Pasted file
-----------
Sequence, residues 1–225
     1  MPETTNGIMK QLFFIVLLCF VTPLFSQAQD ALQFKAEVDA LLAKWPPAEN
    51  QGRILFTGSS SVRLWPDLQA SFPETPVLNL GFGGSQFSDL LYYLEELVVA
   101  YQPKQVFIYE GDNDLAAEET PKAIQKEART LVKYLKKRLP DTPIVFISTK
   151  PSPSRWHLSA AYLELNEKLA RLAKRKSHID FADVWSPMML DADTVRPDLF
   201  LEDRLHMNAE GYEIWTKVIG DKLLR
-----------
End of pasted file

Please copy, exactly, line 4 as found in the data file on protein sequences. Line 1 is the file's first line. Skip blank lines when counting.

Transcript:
   101  YQPKQVFIYE GDNDLAAEET PKAIQKEART LVKYLKKRLP DTPIVFISTK